Federal Grants to State and Local Governments
Federal grants help state and local governments finance a broad range of services including health care, education, social services, infrastructure, and public safety. Understanding the current and future fiscal condition of the state and local government sector can help policy makers identify the primary drivers of long-term fiscal challenges and determine how federal grant spending can best address those challenges.
The federal government awards hundreds of billions of dollars in grants to state and local governments each year, according to the Office of Management and Budget (OMB).
Total Federal Outlays for Grants to State and Local Governments and Medicaid, in 2013 Constant Dollars, Fiscal Years 1980-2015
Source: GAO analysis of OMB data. | modified from GAO-12-1016
Administering grants on this scale is not easy. Here are some of the ways that grants management could be improved:
- Streamlining overall processes. When grants management requirements are duplicative, unnecessarily burdensome, and conflicting, agencies must direct resources toward meeting them—which can make the agency’s programs and services less cost effective. Streamlining and simplifying grants management processes is critical to ensuring that federal funds are reaching the programs and services Congress intended.
- Monitoring grantee performance. Effectively tracking and reporting on grant performance is critical for agencies to determine whether their program goals are being achieved and for ensuring transparency and accountability for federal grant spending. However, the lack of a consistent approach to verifying data could lead to collecting erroneous performance data.
- Improving the timeliness of grant closeout. Federal grantmaking agencies must close out grants when they expire to ensure that grantees have met all financial requirements and have provided final reports as required. Closing out grants also allows agencies to identify and redirect unused funds to other projects and priorities as authorized or to return unspent balances to the Treasury. Expired grant accounts, and, in some cases, the undisbursed balances associated with these expired accounts, persisted as an issue for agencies when GAO examined the issue in 2015.
- Improving federal grants management. GAO’s audit of the federal government’s financial statements identified a significant deficiency in internal control related to managing grants at certain federal entities. Primarily, there were deficiencies in monitoring grant activities and accounting for formula grants. These internal control deficiencies could adversely affect the federal government’s ability to provide reliable financial statements as well as reasonable assurance that grants are awarded properly, recipients are eligible, and federal grant funds are used as intended.
- Using evidence to assess the effectiveness of federal grants. In recent years, federal agencies have been encouraged to consider evidence-based practices in managing their grant programs. Pay for Success is one such practice whereby private investors provide up-front funding for programs and the federal government repays these investors when there are demonstrated results. Pay for Success offers potential benefits, but federal government involvement in such projects has been limited. OMB should establish a means for federal agencies to collaborate on Pay for Success with access to leading practices. Other evidence-based issues include tiered evidence grants and the capacity needed to use them and the benefits and challenges of using performance partnerships.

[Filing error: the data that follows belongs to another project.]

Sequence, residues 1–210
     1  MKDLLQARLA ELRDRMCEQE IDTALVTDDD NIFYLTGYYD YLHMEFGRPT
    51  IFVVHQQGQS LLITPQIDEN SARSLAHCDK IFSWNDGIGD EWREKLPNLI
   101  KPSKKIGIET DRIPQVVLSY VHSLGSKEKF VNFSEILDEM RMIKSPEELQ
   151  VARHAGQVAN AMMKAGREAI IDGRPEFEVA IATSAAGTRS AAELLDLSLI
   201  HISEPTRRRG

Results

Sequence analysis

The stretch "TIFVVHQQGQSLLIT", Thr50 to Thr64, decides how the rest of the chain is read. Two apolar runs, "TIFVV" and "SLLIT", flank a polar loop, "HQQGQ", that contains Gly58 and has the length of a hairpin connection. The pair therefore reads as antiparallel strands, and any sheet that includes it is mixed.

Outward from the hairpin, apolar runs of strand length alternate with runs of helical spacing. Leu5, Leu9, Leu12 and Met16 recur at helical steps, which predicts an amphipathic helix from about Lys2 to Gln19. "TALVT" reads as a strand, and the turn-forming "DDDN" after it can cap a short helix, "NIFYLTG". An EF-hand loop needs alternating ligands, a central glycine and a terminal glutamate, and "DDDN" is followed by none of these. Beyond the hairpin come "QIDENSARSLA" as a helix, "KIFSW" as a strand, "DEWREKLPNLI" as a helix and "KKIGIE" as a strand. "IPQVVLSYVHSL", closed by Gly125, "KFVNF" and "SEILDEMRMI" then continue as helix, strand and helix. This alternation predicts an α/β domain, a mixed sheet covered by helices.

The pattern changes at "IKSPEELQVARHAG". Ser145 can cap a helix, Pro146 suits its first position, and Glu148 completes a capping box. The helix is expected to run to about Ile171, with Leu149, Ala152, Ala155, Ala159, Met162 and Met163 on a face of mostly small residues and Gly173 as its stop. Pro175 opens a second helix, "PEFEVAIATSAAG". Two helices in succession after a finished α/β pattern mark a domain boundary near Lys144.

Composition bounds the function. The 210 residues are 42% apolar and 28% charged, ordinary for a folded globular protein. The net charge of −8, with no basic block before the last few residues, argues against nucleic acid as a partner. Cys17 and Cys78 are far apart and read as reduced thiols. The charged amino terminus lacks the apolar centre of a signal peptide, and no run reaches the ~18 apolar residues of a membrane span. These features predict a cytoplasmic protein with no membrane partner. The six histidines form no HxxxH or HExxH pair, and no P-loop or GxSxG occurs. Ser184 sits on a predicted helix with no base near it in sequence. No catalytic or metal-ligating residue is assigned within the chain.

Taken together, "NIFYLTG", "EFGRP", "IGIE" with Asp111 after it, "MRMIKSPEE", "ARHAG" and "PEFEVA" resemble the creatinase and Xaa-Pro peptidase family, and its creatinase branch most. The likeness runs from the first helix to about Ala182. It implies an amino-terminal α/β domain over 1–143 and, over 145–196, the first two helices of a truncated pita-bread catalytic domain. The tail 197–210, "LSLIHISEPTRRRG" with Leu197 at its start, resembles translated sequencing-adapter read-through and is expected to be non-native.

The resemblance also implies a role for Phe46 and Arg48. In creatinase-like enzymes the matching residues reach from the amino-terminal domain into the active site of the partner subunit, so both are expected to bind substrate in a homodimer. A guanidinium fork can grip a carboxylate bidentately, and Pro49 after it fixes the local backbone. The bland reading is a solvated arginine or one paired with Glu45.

How the state and local fiscal condition informs federal grantmaking
It is important to understand the fiscal conditions of the state and local sectors because providing public services requires partnerships and economic interrelationships across and among all levels of government.
To provide a broader perspective on the nation's fiscal outlook, GAO has developed a model to simulate fiscal outcomes for the state and local government sector, based on the sector’s revenues and expenditures, including federal grants to state and local governments.
The state and local government sector continues to face short- and long-term fiscal challenges, driven primarily by the growth in health-related costs. Specifically, state and local Medicaid expenditures and the cost of health care compensation for state and local government employees and retirees generally grow at a rate that exceeds Gross Domestic Product (GDP). The simulations for health-related and other expenditures are shown in the figure below.
Health and Nonhealth Expenditures of State and Local Governments, as a Percentage of GDP
Notes: Historical data from 2005 to 2014 are from BEA’s NIPA. Our simulations are from 2015 to 2064, using many CBO projections and assumptions, particularly for the next 10 years.
Note: This figure was excerpted from GAO-16-260SP.
While outlays for health-related grants experienced a relatively steady increase in the last three decades—more than doubling in 30 years—outlays for other types of grants generally decreased relative to the total of all federal grants to state and local governments during the same period. OMB and others have noted that the relative growth and contraction of grant outlays for different purposes reflect a broader shift in the focus of federal outlays for grant programs.
GAO-16-818: Published: Sep 21, 2016. Publicly Released: Sep 21, 2016.
Tiered evidence grants are a new policy tool federal agencies are using to incorporate evidence of effectiveness into grantmaking. Under this approach, agencies establish tiers of grant funding based on the level of evidence grantees provide on their models for providing social, educational, health, or other services. Smaller awards are used to test new and innovative service models; larger awards...
GAO-16-362: Published: Apr 14, 2016. Publicly Released: Apr 14, 2016.
GAO found approximately $994 million in funding remained in expired grant accounts in the Payment Management System (PMS), operated by the Department of Health and Human Services (HHS), at the end of fiscal year 2015. PMS identifies expired grant accounts for users as those accounts more than 3 months past their grant end date that have not had payment activity for 9 months. PMS makes payments for...